social isolation
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WHO: “Physical distancing does not mean social isolation”: report from European weekly media briefing (02/04/20)

As the World Health Organisation runs its second weekly media briefing, what is immediately evident is the importance they are placing on individuals coming together and working as a community to tackle the devastating impact of COVID-19. The focus of the conference was publicising WHO suggestions to help mitigate the higher risk Corona poses to the elderly. WHO has offered us as individuals, pragmatic and realistic solutions for the everyday, calling upon every one of us to do what we can to protect the welfare of those most vulnerable in our society while adhering to social isolation. 

The Conference

First, for the facts. At the briefing, Dr Hans Henri P. Kluge, WHO Regional Director for Europe, gave more detailed and up-to-date statistics in relation to the virus – particularly noteworthy was the confirmation of North America as the next epicentre of the disease, largely due to the increase in levels of intra community transmission. 8 out of 10 deaths have occurred in individuals with at least 1 underlying comorbidity, in particular, cardiovascular disease, hypertension, and diabetes. These existing conditions can weaken the organs and metabolic systems of an individual, having a detrimental impact upon their fight against COVID-19. Other conditions, as well as their potential treatments, such as cancer, reduce the strength of the immune system. This increases the likelihood of initial incurring of the virus, in addition to having a detrimental effect on an individual’s capacity to combat coronavirus.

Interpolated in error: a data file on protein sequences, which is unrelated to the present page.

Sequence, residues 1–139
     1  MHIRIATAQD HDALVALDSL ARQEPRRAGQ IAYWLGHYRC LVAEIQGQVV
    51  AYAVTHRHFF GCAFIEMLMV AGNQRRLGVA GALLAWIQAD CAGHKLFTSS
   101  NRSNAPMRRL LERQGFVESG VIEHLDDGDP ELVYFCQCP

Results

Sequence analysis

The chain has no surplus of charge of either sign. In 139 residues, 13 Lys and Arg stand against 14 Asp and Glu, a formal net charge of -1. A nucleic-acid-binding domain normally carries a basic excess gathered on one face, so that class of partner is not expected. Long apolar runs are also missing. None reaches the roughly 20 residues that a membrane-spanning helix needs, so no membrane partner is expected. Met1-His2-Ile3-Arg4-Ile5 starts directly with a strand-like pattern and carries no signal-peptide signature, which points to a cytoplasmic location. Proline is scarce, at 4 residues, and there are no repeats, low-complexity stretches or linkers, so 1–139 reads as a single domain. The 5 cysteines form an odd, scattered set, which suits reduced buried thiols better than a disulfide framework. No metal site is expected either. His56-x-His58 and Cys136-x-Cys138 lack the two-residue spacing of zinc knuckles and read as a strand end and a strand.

What is most potent is the slogan ‘physical distancing does not mean social isolation’

Yesterday, WHO stated that over 95% of COVID-19 deaths have occurred in those over 60 – 50% were of those aged 80 or older. They re-emphasised what is now well known; the physiological condition of those over 70 leaves them more vulnerable than a younger citizen to COVID-19. This is something they are focusing on throughout their strategy to tackle Coronavirus, calling upon us all to act in solidarity as one global community to do what we can to help those most at risk. 

Certainly, the most significant advice offered in this conference was the practical, hands-on action that we can all take in the face of COVID-19. What is most potent is the slogan ‘physical distancing does not mean social isolation’ – bringing to the forefront issues surrounding mental health, which are becoming ever more pronounced in the current, global level lockdown. Lockdown is worsening pre-existing issues such as loneliness in older people, and even encouraging new conditions to develop in individuals in isolation such as depression, fear, anger, and anxiety-induced insomnia. Yet, there is some reassurance. Psychological illness is a subject finally being discussed more in modern medicine, with global funding generally on the increase (although still remaining a critically underfunded area). Initiatives such as the WHO Special Initiative “Universal Health Coverage for Mental Health” have spurred governments to take greater notice of these illnesses. We will not simply disregard this progress now that we are faced with the additional threat of Corona. 

Issues surrounding mental health are becoming ever more pronounced in the current, global level lockdown